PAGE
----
I noticed another difference. Youtube bakers all seem to set their ovens to 425 degrees F. — while most of the online recipes specify 400 degrees F.  That can make a real difference (but I didn’t notice this until AFTER I finished this test pizza!)  Last but not least, baking the crust on BOTH SIDES, flipping it over mid-bake was an important step to make sure the crust is nice and crisp.  

 WHERE you bake the pizza is also important.  If you’ve got a conventional oven (not like, say, a toaster oven), cooking the pizza on the BOTTOM SHELF will help create a firmer crust, but it also going to brown a bit quicker on the bottom.  If you don’t FLIP it after about 10-15 minutes of baking, you’re likely to get an overdone bottom — and a top that is undercooked.  

In the middle of the oven, I kept getting pizza crusts that weren’t crisp on the top OR the bottom.  For my oven, cooking on the  bottom shelf and flipping the dough mid-way through was the key to getting a crisp, pizza-like crust — rather than a doughy mush. 

Other Tips

  • Oil your hands with olive oil.  I used olive oil with garlic infused in it to add a bit more flavor. 
  • Use superfine almond flour — and sift it to get out the lumps!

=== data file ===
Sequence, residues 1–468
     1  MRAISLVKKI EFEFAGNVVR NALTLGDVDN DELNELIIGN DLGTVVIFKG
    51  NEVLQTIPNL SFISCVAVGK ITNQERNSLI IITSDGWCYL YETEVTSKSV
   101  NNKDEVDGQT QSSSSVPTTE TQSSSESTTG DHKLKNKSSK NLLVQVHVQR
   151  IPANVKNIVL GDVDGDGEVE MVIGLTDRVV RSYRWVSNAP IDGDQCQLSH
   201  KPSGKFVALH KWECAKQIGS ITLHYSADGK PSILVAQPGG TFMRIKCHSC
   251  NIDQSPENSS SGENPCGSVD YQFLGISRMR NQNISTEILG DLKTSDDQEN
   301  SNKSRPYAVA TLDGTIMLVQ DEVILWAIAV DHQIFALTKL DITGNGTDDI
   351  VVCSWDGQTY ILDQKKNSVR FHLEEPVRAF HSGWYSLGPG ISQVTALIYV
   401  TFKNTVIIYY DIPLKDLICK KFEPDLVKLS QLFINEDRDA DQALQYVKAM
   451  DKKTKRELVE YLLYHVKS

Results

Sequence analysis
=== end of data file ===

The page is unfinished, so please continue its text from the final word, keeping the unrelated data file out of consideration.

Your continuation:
Getting a “Feel” for Fathead Pizza

Fathead dough HAS to be “blind baked” (that is — pre-baked) before you put on the toppings.  How long it needs to be baked is going to depend on how wet your dough is and what’s in it. 

Following the recipe to the letter got me very wet dough that was difficult to work with — and it didn’t feel like “good dough.”  I added 2/3 cup of mozzerella –AND about a third cup of shredded parmesan and that improved the dough some.  I also added another 1/3 c. of sifted almond flour.  That gave me a dough that was slightly wet and “workable.”

Look at Youtube videos for “fathead pizza’ to help you understand what “good dough” looks like.  Notice that they will use very many different ratios of flour to cheeses.  Some are making larger pizzas –I’ve seen recipe variations with more than 3 cups of cheese and two eggs. Some are making smaller pizzas–with just a cup of mozzarella. In any of these videos,  take a good look at the consistency of the dough so you can tell what the dough “should”  look like. 

Rolling out the Dough